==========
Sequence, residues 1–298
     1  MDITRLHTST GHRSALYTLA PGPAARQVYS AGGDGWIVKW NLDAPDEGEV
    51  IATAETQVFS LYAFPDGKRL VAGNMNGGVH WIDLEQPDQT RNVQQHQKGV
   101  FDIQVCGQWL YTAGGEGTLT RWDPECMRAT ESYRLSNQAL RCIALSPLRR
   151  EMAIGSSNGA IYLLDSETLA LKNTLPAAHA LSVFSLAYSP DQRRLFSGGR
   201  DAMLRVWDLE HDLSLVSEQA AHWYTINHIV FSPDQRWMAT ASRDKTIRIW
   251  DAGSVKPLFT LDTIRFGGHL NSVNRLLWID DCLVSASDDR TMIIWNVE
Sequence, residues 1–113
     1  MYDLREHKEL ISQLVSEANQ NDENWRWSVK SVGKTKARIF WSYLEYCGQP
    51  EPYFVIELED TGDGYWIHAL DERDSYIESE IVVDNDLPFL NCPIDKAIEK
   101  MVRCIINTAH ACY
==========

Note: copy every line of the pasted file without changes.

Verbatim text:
Sequence, residues 1–298
     1  MDITRLHTST GHRSALYTLA PGPAARQVYS AGGDGWIVKW NLDAPDEGEV
    51  IATAETQVFS LYAFPDGKRL VAGNMNGGVH WIDLEQPDQT RNVQQHQKGV
   101  FDIQVCGQWL YTAGGEGTLT RWDPECMRAT ESYRLSNQAL RCIALSPLRR
   151  EMAIGSSNGA IYLLDSETLA LKNTLPAAHA LSVFSLAYSP DQRRLFSGGR
   201  DAMLRVWDLE HDLSLVSEQA AHWYTINHIV FSPDQRWMAT ASRDKTIRIW
   251  DAGSVKPLFT LDTIRFGGHL NSVNRLLWID DCLVSASDDR TMIIWNVE
Sequence, residues 1–113
     1  MYDLREHKEL ISQLVSEANQ NDENWRWSVK SVGKTKARIF WSYLEYCGQP
    51  EPYFVIELED TGDGYWIHAL DERDSYIESE IVVDNDLPFL NCPIDKAIEK
   101  MVRCIINTAH ACY